By Staff Writers
Maseru, Dec 10 (The Night’s Watch) – At its quarterly meeting on Tuesday, the Millennium Challenge Corporation (MCC) Board of Directors re-selected Lesotho to continue developing a second compact – MCC’s five-year grant program – to reduce poverty through targeted investments that increase economic growth.
“As part of their annual selection process, MCC’s Board of Directors reselected Burkina Faso, Indonesia, Lesotho, Malawi, Timor-Leste, and Tunisia to continue developing bilateral compacts,” MCC announced in a statement yesterday.
It added that: “This allows MCC to continue working with these countries to determine if there are potential regional programs that meet MCC’s strict investment criteria that could be supported through concurrent compacts.”
The statement further disclosed that the MCC Board of Directors selected Mozambique for a new compact.
The Board also selected Kenya for an MCC threshold program – the agency’s smaller grant program focused on policy and institutional reform.
MCC was created in 2004 as a new and different model of development assistance – one focused on reducing poverty through economic growth.
Built on the lessons of decades of development experience, MCC provides time-limited grants to developing countries that meet rigorous standards for good governance, from fighting corruption to respecting democratic rights, as evaluated on MCC’s scorecard.
MCC takes a business-like approach, with bedrock commitments to data, accountability, and evidence-based decisions.
Its investments are improving the lives of millions of people around the world.
MCC signed the first compact with Lesotho worth $362.5 million in July 2007.
By the end of the compact in September 2013, Lesotho and MCC had spent nearly 99 percent of anticipated compact funds to improve water supply, increase access to essential health services, and remove barriers to private sector investment.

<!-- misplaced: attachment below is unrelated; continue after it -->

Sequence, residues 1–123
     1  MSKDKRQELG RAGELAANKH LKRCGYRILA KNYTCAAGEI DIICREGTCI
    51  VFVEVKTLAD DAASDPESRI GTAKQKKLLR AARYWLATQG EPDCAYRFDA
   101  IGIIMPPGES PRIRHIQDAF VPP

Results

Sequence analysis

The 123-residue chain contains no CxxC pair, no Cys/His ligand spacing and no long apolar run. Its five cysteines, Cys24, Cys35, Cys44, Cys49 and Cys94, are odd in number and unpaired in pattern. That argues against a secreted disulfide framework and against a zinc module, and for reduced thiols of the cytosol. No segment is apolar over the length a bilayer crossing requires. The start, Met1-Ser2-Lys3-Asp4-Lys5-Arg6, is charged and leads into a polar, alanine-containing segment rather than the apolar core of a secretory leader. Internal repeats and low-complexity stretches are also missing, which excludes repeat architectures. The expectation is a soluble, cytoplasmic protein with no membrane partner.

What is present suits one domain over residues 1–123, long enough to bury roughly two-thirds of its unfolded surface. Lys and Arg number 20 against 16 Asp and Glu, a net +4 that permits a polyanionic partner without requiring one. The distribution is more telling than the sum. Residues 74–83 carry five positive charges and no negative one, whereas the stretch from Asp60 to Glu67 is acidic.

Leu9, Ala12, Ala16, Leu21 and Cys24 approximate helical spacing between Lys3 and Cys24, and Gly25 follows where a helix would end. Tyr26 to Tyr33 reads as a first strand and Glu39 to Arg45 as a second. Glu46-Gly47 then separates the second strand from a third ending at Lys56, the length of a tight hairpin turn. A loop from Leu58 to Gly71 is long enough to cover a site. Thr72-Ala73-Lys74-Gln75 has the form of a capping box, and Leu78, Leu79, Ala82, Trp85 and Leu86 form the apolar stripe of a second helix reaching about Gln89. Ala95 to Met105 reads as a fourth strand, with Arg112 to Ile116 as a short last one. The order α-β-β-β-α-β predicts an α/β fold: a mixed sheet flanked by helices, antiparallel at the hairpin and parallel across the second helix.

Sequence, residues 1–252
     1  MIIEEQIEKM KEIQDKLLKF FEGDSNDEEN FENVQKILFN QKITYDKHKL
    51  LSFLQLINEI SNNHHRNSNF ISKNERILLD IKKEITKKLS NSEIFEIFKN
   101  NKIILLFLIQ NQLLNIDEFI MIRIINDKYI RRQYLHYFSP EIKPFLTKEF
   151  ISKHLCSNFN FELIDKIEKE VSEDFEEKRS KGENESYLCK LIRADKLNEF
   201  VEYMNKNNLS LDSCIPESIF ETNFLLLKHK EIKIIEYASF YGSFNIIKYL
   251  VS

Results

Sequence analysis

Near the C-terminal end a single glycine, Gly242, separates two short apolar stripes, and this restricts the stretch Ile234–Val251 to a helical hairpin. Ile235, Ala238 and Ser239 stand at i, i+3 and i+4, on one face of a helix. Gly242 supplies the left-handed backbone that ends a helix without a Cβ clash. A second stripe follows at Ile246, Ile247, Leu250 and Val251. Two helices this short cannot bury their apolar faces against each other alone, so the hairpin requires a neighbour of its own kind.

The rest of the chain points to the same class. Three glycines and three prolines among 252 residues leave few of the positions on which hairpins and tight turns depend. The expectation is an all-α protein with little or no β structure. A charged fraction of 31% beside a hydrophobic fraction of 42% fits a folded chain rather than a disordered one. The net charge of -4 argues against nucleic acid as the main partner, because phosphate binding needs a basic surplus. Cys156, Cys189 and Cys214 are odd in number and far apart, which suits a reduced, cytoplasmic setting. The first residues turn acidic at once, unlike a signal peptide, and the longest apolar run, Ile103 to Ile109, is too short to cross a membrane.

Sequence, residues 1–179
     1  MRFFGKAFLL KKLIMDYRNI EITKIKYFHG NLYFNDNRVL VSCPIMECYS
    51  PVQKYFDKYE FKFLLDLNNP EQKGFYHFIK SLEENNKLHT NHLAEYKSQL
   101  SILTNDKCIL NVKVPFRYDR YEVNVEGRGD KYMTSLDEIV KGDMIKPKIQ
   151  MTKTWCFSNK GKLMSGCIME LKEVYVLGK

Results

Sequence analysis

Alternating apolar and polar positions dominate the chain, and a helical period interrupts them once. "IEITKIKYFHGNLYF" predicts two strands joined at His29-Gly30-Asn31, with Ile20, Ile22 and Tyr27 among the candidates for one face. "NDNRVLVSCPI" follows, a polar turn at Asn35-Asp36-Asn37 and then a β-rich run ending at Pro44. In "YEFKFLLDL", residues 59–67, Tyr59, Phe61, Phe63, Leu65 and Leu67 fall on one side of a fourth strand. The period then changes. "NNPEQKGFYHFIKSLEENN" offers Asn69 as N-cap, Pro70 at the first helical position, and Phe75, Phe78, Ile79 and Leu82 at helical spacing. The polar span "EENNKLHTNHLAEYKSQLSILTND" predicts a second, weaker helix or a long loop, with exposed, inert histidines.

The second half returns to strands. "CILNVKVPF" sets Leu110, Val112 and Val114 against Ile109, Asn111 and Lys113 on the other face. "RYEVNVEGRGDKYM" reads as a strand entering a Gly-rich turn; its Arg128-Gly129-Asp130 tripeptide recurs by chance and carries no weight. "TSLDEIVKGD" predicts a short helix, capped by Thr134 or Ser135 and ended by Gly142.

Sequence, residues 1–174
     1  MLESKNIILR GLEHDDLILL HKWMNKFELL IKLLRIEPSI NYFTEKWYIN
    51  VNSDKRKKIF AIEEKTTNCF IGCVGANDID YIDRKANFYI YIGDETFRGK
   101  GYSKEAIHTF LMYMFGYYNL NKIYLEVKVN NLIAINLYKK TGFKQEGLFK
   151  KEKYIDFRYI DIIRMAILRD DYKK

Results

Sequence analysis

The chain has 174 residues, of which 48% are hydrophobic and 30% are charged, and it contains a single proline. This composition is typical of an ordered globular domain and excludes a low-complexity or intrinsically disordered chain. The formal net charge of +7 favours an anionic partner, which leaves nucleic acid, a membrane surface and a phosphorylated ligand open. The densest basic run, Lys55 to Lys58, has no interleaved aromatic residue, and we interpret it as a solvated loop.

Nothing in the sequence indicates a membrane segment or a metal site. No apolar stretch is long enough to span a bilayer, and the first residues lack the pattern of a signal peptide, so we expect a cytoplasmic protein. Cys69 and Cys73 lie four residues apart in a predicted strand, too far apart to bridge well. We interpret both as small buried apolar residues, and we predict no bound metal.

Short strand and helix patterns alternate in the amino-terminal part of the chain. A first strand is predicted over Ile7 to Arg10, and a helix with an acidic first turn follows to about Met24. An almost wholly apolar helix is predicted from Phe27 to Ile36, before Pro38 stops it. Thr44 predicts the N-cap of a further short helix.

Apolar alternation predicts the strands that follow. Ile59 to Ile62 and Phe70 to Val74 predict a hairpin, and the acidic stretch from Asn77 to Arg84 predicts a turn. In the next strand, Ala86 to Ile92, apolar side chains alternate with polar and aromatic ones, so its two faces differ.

The first compact funded work with other international donors on the infrastructure improvement projects like the Metolong Dam, as well as work with the President’s Emergency Plan for AIDS Relief (PEPFAR) to mitigate the negative economic impacts of poor maternal health, HIV/AIDS, tuberculosis and other diseases.
In December 2013, Lesotho was initially selected to develop a second compact, however, the MCC’s Board deferred its vote on continued eligibility in 2015 and 2016.
Following that two-year hiatus, the board re-selected Lesotho in 2017 as eligible to develop a second compact.
This decision was taken in recognition of concrete steps taken that year that demonstrated a commitment to addressing MCC’s concerns about rule of law.
In February this year, the United States Ambassador Rebecca E. Gonzales indicated that although great strides had been made on the way to the finish line of finally signing a second MCC compact in the future, reports of corruption in government and police brutality continued to threaten the compact’s future.
On June 27, on the occasion of the United States’s Independence Day Celebration, Gonzales reiterated that she was deeply concerned by indications that “corruption is on the rise”; that “political space is shrinking”, that institutions of accountability, which must be independent and properly resourced, “are being politicized and undermined”.
She said she was concerned for rule of law and for the reforms process.
“Failure to implement reforms – the comprehensive, transformative, and inclusive reforms that Basotho have identified for themselves as the way to reach the Lesotho they want – failure to implement those reforms could have far worse consequences for Basotho than interrupted compact development,” she said.
Those consequences, Gonzales said, could last far beyond our current generation.
“When we act like we have all the time in the world, we are really borrowing time from our children and grandchildren. With the speed and complexity of today’s technology, a moment’s delay can put us years behind.
“Lesotho cannot afford such delays. Your country’s future cannot be left behind with fingers pointing to a pile of roadmaps or draft legislation collecting dust. All of you here have the power to act, to determine whether or not this country stays on the right path.
“As the representative of your long-standing and most steadfast diplomatic partner, I implore you to take action and move forward with commitment, accountability, and urgency on the reforms process. The future of your nation depends on it and time is short to demonstrate progress,” she said.
The MCC Board also reselected Ethiopia and Solomon Islands to continue developing threshold programs.
The Board also reaffirmed its commitment to developing a compact with Kosovo – a self-declared independent country in the Balkans region of Europe.
Although the United States and most members of the European Union (EU) recognized Kosovo’s declaration of independence from Serbia in 2008, Serbia, Russia, and a significant number of other countries – including several EU members – did not.
Given this lack of international consensus, Kosovo was not immediately admitted to the United Nations (UN).
In 2010 the International Court of Justice ruled that Kosovo’s declaration of independence did not violate international law, but Serbia rejected that decision. NW